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Christmas, country, classical, comedy and Celtic music this week

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November winds down with a mix of classical music and country roots music.The Lethbridge Symphony Orchestra kicks the week off on Monday, Nov. 21 with one of three concerts.

There is a triple play at Southminster United Church as The Lethbridge Symphony Orchestra and Opus 3 ( Airdrie Ignas, violin; Christine Bootland, cello; John-Paul Ksiazek, piano) perform Schultz - The Path to Grace (7'); Beethoven - Triple Concerto (35') and Brahms - Symphony No. 3 (35').


 The music begins at 7 p.m. Tickets range from $25-$80. The Symphony features Kids Choir, Nov. 23 and 24 at 7 p.m. each night.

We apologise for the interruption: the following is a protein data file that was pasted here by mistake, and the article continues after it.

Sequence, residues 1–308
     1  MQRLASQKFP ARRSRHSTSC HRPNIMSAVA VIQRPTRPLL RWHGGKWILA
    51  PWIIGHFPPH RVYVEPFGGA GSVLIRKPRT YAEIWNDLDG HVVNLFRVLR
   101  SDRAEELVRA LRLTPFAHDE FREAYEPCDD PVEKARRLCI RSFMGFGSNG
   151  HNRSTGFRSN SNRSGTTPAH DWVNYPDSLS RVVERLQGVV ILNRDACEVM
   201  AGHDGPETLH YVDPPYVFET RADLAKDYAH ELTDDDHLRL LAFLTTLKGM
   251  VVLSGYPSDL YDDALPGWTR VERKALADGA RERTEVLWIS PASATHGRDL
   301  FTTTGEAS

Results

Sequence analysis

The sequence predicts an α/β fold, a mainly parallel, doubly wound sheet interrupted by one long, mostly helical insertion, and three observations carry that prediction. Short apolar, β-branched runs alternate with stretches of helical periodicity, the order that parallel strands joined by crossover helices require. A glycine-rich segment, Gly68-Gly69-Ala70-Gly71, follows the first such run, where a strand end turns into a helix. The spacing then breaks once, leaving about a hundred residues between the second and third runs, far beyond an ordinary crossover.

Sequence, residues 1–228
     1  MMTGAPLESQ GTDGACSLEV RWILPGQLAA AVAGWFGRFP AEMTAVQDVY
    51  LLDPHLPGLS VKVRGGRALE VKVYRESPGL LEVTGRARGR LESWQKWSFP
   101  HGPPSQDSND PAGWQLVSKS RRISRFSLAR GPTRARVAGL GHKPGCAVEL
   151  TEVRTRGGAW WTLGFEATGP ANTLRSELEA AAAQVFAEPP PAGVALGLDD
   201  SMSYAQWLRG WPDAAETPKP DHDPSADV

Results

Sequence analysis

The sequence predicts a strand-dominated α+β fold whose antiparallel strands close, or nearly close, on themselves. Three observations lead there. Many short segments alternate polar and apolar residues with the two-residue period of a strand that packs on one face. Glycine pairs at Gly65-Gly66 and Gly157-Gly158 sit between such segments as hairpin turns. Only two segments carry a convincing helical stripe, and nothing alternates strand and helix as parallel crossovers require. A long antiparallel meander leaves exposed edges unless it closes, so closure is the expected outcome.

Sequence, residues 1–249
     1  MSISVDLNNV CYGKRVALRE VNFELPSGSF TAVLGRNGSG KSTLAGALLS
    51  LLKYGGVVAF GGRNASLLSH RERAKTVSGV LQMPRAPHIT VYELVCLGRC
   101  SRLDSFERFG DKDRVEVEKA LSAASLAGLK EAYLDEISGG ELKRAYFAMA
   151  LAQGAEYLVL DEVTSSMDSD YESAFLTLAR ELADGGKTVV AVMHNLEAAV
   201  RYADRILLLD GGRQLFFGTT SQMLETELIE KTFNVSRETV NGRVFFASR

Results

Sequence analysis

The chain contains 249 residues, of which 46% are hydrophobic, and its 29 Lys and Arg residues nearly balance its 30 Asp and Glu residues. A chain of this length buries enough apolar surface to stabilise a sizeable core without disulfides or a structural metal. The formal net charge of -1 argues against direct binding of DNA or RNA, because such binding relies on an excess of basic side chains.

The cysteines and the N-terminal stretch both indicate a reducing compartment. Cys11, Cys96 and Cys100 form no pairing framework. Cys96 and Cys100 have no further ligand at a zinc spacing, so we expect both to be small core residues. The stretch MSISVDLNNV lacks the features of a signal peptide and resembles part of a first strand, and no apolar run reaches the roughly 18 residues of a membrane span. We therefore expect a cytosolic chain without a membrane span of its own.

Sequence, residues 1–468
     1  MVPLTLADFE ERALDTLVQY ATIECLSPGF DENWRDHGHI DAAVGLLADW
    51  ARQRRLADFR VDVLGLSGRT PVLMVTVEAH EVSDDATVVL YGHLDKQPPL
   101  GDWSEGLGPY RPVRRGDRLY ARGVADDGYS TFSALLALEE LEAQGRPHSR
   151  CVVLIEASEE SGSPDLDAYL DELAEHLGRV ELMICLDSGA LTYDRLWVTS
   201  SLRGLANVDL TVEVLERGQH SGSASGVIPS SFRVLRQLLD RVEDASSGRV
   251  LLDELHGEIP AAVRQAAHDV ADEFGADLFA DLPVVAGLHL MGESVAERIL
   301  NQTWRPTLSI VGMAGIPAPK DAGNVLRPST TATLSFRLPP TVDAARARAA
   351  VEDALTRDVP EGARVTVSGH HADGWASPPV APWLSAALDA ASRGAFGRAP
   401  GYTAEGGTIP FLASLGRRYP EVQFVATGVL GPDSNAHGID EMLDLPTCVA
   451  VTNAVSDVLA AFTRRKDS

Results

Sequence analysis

Also for classical music, the University of Lethbridge Wind Orchestra are performing  at the University Theatre, Nov. 23 at 7:30 p.m. 

The Red Hot Hayseeds return to Lethbridge this week. Photo by Richard Amery

 Across the coulee, Luke James Bruce hosts  the Monday night open mic at Mojo’s Pub, Nov. 21.


The Owl Acoustic lounge features the first of many roots shows as Amy Nelson and  Ryan McNally host their Tuesday night open mic, Nov. 22.

Explore  Toronto’s  early ’80s roots and punk scene with  John Borra and special guest Emily Triggs playing the Slice on Tuesday,  Nov. 22. Borra has just released   a new CD “Cassettes’ in Common” featuring some obscurities from the scene.


Teri Petz hosts the Owl Acoustic Lounge’s monthly poetry open mic on Wednesday

The Slice has their open mic on Wednesday as well.


The Mark Hall band return to Honkers Pub to host their open mic on Friday, Nov. 25. the John and Scott Band host the Saturday afternoon open mic beginning at 5 p.m.